The challenge that neo-banks have is not around adding more and more features (arguably there are only so many different ways we want to interact with our bank), but that to become profitable and survive, they have to become the very thing they used to fight against – a financial services provider that offers profitable services like loans, overdrafts, and mortgages. This is a process that many have undertaken already, with some success.

So, the battle for market share can be summed up like this: either the challenger banks reorientate their business models to focus on profitability, or the legacy banks innovate them into irrelevance.

Legacy banks might feel dramatically unprepared for the fight. But that ignores their greatest strength: people.


The shift away from high-street banking presents opportunities

The legacy banks are still grappling with digital transformation, but this presents opportunities as well as potential threats. Last month, Santander Group became the latest retail bank to scale back its high-street customer-facing operations presence when it unveiled plans to shorten its branches’ opening hours.

The news came a month after Lloyds Banking Group also closed more than 60 UK-based branches. While the withdrawal of retail banking from the high street has not come without resistance from the public, both banks cited a decline in branch usage as the cause for the scale back.

As of January, more than a quarter of British adults had opened a digital-only bank account – three times more customers than in 2019 – and this rise doesn’t seem to be slowing down.

Ultimately this feels like the right approach, and traditional banks have some way to go before their digital offerings can keep pace with the challenger banks. In the same month that Santander announced it would be scaling back customer-facing operations, the Spanish bank also revealed that it had migrated 80% of its IT infrastructure to the cloud. Whilst clearly a positive step, it will come as a surprise to those not in financial IT that this is news in 2022 when most non-banking companies have a well-established cloud strategy.

Encumbered by ageing and creaking tech stacks, the legacy banks will struggle to keep pace unless they can speed their digital transformation efforts. All the while, the likes of Starling are doubling in valuation. In this case, the proceeds of a recent £130.5m funding round will provide “a war chest for acquisitions” as the challenger continues to scale.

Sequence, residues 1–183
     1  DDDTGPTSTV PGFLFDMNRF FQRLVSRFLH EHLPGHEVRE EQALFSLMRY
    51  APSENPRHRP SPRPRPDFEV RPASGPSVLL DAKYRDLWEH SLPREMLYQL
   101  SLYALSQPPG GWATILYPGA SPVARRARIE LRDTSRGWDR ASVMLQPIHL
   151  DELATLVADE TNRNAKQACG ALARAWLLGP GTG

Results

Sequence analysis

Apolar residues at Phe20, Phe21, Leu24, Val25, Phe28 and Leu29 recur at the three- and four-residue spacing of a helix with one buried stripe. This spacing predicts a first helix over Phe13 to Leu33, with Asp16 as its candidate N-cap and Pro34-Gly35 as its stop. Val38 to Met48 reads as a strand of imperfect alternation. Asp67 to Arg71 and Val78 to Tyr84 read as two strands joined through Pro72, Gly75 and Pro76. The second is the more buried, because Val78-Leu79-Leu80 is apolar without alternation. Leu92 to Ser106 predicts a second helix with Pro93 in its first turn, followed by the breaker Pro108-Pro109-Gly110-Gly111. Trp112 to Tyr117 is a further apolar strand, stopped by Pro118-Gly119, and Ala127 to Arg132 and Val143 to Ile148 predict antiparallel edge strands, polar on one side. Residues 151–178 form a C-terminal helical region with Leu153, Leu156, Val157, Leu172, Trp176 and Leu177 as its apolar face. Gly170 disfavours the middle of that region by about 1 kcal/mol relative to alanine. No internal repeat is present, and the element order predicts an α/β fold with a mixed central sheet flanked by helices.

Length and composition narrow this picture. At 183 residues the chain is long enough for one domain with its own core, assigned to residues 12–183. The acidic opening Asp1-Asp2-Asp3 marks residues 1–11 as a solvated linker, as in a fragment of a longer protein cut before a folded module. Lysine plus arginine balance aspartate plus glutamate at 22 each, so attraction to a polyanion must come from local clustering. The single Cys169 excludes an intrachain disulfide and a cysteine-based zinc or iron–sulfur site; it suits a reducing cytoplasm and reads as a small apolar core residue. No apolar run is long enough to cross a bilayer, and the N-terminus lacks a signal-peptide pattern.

Legacy banks have an enormous, diversified workforce, while challenger banks take pride in their ‘tech-first’ approach to hiring. Recently, the CEO of challenger bank Revolut stated that its “headcount is mostly genius data scientists, product and business people rather than bankers”.

Legacy banks can’t necessarily compete with that hiring strategy, which is no surprise given the findings of a recent Udacity study where 55% of UK businesses claimed they couldn’t hire the right job-ready talent, resulting in the slow down of digital transformation efforts.

However, the solution may be closer to home. Banks must look inwards and utilise the invaluable talent that they already possess. As the trend of branch closures continues, legacy banks should look to retain and retrain staff with digital skills via talent transformation initiatives. For instance, Lloyds recently stated that it would try to find new roles for the 124 staff that have been impacted by recent bank closures, recognising the “need to adapt to the significant growth in customers choosing to do most of their everyday banking online.”

With a range of talent transformation services already on the market that provide ready-made technical skills training, traditional banks such as Lloyds have the option to seamlessly retrain their branch staff into more digital-focused roles. For instance, an underwriter could utilise their existing industry knowledge to make better credit and lending decisions with the help of AI and data analytics. Equally, future-thinking banks are beginning to leverage data science to help their fraud departments improve customer security.

By enrolling existing employees on talent transformation initiatives in AI, ML, and data science, traditional banks can tap into a readily available talent pool that possesses invaluable industry knowledge that can then be combined with the technologies of the future.

It was once accepted that traditional and challenger banks have different offerings to serve different demographics, but this view has all but vanished. To keep on top, legacy banks must remind themselves of this fact, while also recognising that their people are their biggest asset. Amid a digital skills crisis and the Great Resignation, banks must equip their staff with the necessary skills to remain valuable as we journey into a new age of digital-first banking.